How about 10,000.

In a revealing interview on the A.V. club, best-selling author Neal Pollack not only gives us the inside skinny on his own numbers, but the inside skinny on what it means to be a “success.” Big publisher, six-figure advance, media hype?  It turns out it’s all relative.

This is what Pollack had to say about those mysterious numbers:
Neal Pollack Anthology Of American Literature: ”despite all the attention it was getting, sold maybe 10,000 copies.” 
Never Mind The Pollacks: “I’m almost embarrassed to say it, but I got a six-figure advance for Never Mind The Pollacks. Low, low, low six figures, but it was there … It is for a book that has sold, to this day, maybe 4,000 copies.” 
Alternadad “… got more publicity than two-dozen books combined. I was on Nightline, and they did a piece on my family life. That book was everywhere and did a ton of press. But, again, it sold only 10,000 copies.” 
JewBall (Pollack’s self-published book): “500 copies Kindle and paperback. Which is pretty normal for a self-published book … [Amazon's Thomas & Mercer imprint] republished it and quickly, very quickly, published it online and, a few months later, as a paperback. It sold 10,000-plus copies since they did that. And it’s never appeared, as far as I know, in a bookstore.”
Downward-Facing Death: “I wrote a yoga novel about that, again sold 10,000 copies. Ten thousand copies appears to be my threshold.”
If 10,000 copies is a measurement of success, then I can pat myself on the back. But, in spite of what you may hear, numbers aren't everything. Like Pollack, I’d like to see my book on a shelf somewhere, someday ... before I die.

Incidentally, I would also like to be proud of what was between the covers. And, if I were Neal Pollack, I would be.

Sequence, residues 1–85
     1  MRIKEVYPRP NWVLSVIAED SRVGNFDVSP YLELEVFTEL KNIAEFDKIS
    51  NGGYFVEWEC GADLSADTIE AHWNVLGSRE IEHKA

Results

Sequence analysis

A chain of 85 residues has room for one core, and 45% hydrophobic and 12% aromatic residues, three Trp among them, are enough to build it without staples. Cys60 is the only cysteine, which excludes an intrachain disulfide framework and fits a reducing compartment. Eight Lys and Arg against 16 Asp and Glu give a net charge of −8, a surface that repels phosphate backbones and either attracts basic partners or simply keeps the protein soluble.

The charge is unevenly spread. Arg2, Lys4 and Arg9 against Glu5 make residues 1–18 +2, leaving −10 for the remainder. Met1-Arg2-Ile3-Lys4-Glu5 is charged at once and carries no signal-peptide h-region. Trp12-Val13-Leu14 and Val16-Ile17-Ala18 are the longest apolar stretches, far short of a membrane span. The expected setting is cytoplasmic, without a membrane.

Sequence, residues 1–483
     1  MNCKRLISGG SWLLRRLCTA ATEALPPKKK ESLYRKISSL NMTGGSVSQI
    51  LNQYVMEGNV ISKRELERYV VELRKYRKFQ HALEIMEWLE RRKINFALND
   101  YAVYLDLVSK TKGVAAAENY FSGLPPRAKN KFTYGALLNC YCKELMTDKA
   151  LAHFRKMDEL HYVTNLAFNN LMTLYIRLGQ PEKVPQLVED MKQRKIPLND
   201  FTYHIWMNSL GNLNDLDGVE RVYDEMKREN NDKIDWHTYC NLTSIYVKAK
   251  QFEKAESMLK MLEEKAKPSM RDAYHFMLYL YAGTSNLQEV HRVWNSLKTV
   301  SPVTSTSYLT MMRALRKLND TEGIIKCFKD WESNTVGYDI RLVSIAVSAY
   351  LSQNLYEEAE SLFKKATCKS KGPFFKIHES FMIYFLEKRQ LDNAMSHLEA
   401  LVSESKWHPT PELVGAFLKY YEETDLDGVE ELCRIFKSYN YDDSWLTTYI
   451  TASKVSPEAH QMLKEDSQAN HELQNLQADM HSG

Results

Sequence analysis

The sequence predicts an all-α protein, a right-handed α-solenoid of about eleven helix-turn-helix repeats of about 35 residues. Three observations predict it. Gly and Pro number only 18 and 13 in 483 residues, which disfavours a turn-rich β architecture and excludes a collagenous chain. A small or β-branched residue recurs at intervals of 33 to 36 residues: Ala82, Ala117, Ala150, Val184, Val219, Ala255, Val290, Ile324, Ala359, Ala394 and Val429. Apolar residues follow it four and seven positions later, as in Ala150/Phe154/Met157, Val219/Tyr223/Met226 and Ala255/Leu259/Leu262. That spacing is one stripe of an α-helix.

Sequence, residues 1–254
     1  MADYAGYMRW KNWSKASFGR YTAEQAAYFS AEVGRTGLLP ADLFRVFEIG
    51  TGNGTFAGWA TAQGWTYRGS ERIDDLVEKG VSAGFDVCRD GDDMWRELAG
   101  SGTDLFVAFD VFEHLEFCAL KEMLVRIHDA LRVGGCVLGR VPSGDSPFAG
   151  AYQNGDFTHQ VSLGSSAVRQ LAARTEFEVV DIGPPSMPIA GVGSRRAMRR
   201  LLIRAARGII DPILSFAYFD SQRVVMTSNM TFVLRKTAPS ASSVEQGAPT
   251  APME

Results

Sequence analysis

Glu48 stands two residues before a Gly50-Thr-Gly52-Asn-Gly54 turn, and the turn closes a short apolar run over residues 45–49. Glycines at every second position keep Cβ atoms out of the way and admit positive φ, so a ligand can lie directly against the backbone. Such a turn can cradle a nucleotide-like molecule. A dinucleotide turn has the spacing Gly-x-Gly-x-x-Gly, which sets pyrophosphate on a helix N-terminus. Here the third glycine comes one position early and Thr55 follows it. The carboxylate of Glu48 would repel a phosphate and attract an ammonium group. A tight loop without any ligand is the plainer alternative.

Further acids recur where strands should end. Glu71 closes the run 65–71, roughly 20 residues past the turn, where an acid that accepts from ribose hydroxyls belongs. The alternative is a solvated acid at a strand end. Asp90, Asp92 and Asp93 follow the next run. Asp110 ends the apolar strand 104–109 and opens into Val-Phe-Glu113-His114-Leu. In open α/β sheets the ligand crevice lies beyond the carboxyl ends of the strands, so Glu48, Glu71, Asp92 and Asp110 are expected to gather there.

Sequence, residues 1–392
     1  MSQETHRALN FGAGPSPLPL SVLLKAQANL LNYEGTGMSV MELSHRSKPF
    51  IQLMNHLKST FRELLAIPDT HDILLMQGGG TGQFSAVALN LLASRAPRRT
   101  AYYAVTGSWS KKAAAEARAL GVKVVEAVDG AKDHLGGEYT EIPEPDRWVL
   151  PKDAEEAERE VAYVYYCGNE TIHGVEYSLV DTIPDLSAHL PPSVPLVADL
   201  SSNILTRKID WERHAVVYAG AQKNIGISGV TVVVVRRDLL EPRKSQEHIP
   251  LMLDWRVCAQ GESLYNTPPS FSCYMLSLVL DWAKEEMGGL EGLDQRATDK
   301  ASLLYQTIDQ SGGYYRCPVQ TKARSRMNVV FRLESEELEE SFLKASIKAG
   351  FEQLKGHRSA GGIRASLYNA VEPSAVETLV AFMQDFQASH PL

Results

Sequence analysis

In Allen Toussaint's immortal words:
"How does one decide
That the methods he's using,
They just don't jive
To truly believe and keep trying
Over and over again
Living in hopes,
That someday you'll be in with the winners
When should one change his mind
And jump the fence
For the dollar sign
It’s a sad thing, it's a bad thing
But so necessary
That this cold world forces
Your values to become monetary.
(It ain't necessary)"

Monday, April 8, 2013

The Slow Death of the American Author

It only hurts when I write...

Yesterday, The New York Times published an op-ed piece by Authors Guild president, Scott Turow. If you've been wondering how Amazon's proposal to sell used ebooks will affect the slew of self- published authors, it isn't a pretty picture.

"The Slow Death of the American Author"

By SCOTT TUROW

Published: April 7, 2013, NYT Opinion

"Last month, the Supreme Court decided to allow the importation and resale of foreign editions of American works, which are often cheaper than domestic editions. Until now, courts have forbidden such activity as a violation of copyright. Not only does this ruling open the gates to a surge in cheap imports, but since they will be sold in a secondary market, authors won’t get royalties.